Mr. Ellerton alleges that he is a shareholder of Sefton and was a shareholder at all times relevant to the Verified Complaint, and that he has commenced this action “to enforce the rights that Sefton may properly assert but has failed to enforce.” [#4 at ¶ 120]. Mr. Ellerton further alleges that he made “numerous written demands upon Sefton and its Board of Directors, including [the Individual Defendants], to correct the actions taken, including, but not limited to, restoring Mr. Ellerton to his status as Chairman and CEO of Sefton.” [Id. at ¶ 124]. Mr. Ellerton participated in the July 2014 Meeting “but was denied the ability to ask questions or seek any additional information concerning the transactions approved by the Board.” [Id.] Plaintiffs made demand upon Sefton for, and have been refused, the corporation's books, records, and financial information. [Id. at ¶ 125]. They assert that any additional demand that may be required would be fruitless because the Board is not disinterested and independent. [Id. at ¶ 126].

         III. Initial Procedural History

         On May 14, 2015, Mr. Ellerton and the Corporate Plaintiffs initiated this action, through counsel, in the District Court for the City and County of Denver, Colorado. Sefton, as the only Defendant Plaintiffs had served, removed the matter to the United States District Court for the District of Colorado on June 10, 2015 on the basis of diversity. See [#1]. The Verified Complaint asserts as follows: First Claim for Breach of Fiduciary Duty brought by Plaintiffs on behalf of Sefton as to the Board; Second Claim for Civil Conspiracy brought by Plaintiffs on behalf of Sefton as to the Board; Third Claim for Breach of Duty of Good Faith and Fair Dealing brought by Plaintiffs on behalf of Sefton as to the Board; Fourth Claim for Breach of Fiduciary Duty brought by Plaintiffs against Sefton and the Board; Fifth Claim for Breach of Contract brought by Plaintiff Ellerton against Defendant Sefton; Sixth Claim for Breach of Contract brought by Corporate Plaintiffs against Sefton; and Seventh Claim for Unjust Enrichment & Quantum Meruit brought by Plaintiffs against Sefton. [#4].

         On August 7, 2015, Sefton filed a “Notice of Filing of Counterclaims and Partially Unopposed Request to Confirm Automatic Stay and to Confirm Filing of Counterclaims, ” notifying the court that Plaintiffs had filed an Involuntary Petition in the United States Bankruptcy court for the District of Colorado listing each Plaintiff as “creditor” and asserting allegations of a breach of contract identical to the allegations of breach asserted in this matter. [#15]. The same day, Sefton filed a responsive pleading containing eleven counterclaims, noting its belief that the automatic stay prevented it from filing an answer or motion to dismiss at that time. See [#16 at n.1]. Plaintiffs thereafter filed a Suggestion of Bankruptcy confirming that they had commenced an involuntary proceeding under Chapter 7 of Title 11 of the United States Bankruptcy Code. [#17]. Plaintiffs filed a response to Sefton's counterclaims on August 28, 2015. [#32].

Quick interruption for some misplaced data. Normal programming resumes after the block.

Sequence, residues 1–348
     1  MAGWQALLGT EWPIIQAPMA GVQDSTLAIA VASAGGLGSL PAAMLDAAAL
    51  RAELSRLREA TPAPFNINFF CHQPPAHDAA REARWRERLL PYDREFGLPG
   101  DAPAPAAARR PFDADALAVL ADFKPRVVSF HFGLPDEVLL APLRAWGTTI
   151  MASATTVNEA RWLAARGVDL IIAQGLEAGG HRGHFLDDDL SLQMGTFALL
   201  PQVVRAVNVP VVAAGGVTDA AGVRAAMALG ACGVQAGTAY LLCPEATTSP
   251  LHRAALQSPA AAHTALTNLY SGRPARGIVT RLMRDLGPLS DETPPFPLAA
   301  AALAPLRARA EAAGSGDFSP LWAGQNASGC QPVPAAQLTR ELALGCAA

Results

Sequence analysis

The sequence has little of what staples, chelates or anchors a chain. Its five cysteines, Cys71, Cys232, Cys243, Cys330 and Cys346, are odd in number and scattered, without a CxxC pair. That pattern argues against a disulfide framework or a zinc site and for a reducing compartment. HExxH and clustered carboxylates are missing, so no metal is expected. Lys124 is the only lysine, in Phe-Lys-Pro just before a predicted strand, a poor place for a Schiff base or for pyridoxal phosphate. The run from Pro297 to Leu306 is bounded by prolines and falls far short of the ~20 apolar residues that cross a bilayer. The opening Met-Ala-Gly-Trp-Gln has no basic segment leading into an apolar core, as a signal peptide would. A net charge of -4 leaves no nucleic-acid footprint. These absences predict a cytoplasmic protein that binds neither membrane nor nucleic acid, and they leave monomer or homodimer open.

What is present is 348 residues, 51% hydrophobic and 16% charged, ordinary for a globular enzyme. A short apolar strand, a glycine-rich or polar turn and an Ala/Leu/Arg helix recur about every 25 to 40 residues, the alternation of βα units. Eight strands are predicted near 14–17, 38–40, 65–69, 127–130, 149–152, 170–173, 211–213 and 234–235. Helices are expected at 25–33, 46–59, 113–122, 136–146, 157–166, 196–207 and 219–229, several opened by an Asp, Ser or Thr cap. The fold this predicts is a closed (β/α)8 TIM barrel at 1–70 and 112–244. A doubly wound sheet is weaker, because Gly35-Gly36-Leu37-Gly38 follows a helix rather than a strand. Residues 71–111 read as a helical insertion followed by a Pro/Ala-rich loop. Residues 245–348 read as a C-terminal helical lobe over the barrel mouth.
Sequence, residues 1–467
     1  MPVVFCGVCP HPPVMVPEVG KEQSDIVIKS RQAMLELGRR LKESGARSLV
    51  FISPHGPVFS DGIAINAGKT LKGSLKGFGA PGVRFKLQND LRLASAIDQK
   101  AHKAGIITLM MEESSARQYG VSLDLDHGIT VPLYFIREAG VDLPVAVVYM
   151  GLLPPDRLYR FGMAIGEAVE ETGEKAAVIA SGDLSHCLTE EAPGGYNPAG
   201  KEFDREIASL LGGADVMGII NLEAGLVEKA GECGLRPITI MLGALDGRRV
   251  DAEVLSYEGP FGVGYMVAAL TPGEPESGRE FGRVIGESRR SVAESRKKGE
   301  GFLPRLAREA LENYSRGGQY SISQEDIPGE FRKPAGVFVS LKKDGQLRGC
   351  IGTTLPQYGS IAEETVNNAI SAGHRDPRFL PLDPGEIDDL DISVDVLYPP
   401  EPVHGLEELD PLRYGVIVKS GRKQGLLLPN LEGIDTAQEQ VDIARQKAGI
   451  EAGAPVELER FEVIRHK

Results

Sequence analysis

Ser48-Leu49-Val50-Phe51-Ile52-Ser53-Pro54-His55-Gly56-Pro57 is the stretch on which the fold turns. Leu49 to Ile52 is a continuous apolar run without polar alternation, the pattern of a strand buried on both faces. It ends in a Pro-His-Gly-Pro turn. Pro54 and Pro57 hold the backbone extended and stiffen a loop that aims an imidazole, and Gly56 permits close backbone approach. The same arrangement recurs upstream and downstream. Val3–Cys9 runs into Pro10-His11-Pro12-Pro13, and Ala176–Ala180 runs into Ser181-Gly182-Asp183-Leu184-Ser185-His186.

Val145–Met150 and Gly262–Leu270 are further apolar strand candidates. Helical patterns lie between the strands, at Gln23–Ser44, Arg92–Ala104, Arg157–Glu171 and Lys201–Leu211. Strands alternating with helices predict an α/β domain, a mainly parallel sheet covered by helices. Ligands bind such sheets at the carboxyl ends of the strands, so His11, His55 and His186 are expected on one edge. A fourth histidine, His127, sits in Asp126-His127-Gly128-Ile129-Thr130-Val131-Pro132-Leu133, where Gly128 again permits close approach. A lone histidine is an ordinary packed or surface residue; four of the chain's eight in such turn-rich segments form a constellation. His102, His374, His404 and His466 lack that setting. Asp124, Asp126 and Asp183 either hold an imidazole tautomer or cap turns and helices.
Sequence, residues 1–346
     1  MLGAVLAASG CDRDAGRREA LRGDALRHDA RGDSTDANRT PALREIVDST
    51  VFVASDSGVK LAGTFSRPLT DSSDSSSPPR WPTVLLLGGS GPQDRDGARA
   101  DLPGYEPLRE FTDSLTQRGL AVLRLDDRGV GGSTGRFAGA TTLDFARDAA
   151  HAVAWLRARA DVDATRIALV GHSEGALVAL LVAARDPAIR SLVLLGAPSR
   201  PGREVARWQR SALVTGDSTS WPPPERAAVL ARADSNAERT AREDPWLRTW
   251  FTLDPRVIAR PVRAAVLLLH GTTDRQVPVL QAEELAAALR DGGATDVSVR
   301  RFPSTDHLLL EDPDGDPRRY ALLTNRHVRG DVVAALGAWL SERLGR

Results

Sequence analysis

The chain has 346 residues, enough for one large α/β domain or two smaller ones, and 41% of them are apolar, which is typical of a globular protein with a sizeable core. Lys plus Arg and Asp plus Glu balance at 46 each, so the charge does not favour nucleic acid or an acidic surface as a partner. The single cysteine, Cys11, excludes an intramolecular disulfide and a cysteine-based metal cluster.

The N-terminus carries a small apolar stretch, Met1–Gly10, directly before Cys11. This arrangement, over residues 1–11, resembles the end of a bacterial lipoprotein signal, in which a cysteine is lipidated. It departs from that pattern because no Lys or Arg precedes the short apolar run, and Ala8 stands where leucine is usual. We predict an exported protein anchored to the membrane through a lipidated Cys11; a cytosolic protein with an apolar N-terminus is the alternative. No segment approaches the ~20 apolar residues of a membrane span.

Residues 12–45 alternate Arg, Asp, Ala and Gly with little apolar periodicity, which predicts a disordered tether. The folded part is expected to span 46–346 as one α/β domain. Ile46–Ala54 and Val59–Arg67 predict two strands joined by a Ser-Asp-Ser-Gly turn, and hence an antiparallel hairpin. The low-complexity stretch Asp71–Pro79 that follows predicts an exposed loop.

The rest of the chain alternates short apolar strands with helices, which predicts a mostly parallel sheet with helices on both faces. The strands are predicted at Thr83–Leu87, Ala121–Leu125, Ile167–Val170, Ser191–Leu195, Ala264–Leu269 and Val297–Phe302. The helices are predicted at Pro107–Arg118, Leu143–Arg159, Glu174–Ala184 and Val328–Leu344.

On October 16, 2015, counsel for Plaintiffs filed a Motion to Withdraw. [#35]. On December 14, 2015, Mr. Ellerton and Sefton filed a Joint Status Report, in which the Parties advised that the stay in the bankruptcy action had been lifted, Plaintiff Ellerton represented his intention to pursue this litigation, and Sefton represented its intention to defend against Plaintiffs' claims and pursue its counterclaims.[1] [#41]. This court thereafter held a Telephonic Status Conference at which the undersigned granted the Motion to Withdraw and ordered that counsel for the Corporate Plaintiffs enter an appearance on or before February 1, 2016. This court advised Mr. Ellerton that to the extent he intended to proceed pro se as an individual, he was required to comply with the Federal Rules of Civil Procedure, the Local Rules of the District of Colorado, and the Practice Standards of the Honorable Raymond P. Moore. [#42]. The court specifically advised that the Corporate Plaintiffs could not proceed without counsel, and warned that failure to retain representation would result in the court issuing an order to show cause as to why any claims asserted by the Corporate Plaintiffs should not be dismissed. [#42]. This court further ordered the Individual Defendants, once and if served, to file a response to the Verified Complaint on or before February 10, 2016. Finally, the undersigned set a Scheduling Conference to be held February 24, 2016. [Id.]